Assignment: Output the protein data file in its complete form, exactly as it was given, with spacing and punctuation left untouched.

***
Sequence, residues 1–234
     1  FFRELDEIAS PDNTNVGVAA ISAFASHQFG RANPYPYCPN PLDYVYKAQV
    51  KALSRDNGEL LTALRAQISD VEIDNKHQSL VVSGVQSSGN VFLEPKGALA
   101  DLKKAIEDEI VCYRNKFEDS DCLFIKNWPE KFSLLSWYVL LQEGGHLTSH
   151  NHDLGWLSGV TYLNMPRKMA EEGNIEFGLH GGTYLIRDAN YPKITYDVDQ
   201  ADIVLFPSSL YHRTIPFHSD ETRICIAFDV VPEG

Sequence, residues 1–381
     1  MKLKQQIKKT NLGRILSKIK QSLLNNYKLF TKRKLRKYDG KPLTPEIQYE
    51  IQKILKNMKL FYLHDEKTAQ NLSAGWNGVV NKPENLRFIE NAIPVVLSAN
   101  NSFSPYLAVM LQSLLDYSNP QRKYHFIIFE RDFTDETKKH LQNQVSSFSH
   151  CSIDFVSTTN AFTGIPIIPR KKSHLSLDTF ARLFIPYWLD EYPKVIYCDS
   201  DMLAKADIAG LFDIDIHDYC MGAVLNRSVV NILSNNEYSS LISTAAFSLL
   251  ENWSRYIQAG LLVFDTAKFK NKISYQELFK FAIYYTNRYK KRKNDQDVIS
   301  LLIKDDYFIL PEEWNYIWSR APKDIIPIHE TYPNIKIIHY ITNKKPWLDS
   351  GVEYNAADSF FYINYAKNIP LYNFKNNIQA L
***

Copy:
Sequence, residues 1–234
     1  FFRELDEIAS PDNTNVGVAA ISAFASHQFG RANPYPYCPN PLDYVYKAQV
    51  KALSRDNGEL LTALRAQISD VEIDNKHQSL VVSGVQSSGN VFLEPKGALA
   101  DLKKAIEDEI VCYRNKFEDS DCLFIKNWPE KFSLLSWYVL LQEGGHLTSH
   151  NHDLGWLSGV TYLNMPRKMA EEGNIEFGLH GGTYLIRDAN YPKITYDVDQ
   201  ADIVLFPSSL YHRTIPFHSD ETRICIAFDV VPEG

Sequence, residues 1–381
     1  MKLKQQIKKT NLGRILSKIK QSLLNNYKLF TKRKLRKYDG KPLTPEIQYE
    51  IQKILKNMKL FYLHDEKTAQ NLSAGWNGVV NKPENLRFIE NAIPVVLSAN
   101  NSFSPYLAVM LQSLLDYSNP QRKYHFIIFE RDFTDETKKH LQNQVSSFSH
   151  CSIDFVSTTN AFTGIPIIPR KKSHLSLDTF ARLFIPYWLD EYPKVIYCDS
   201  DMLAKADIAG LFDIDIHDYC MGAVLNRSVV NILSNNEYSS LISTAAFSLL
   251  ENWSRYIQAG LLVFDTAKFK NKISYQELFK FAIYYTNRYK KRKNDQDVIS
   301  LLIKDDYFIL PEEWNYIWSR APKDIIPIHE TYPNIKIIHY ITNKKPWLDS
   351  GVEYNAADSF FYINYAKNIP LYNFKNNIQA L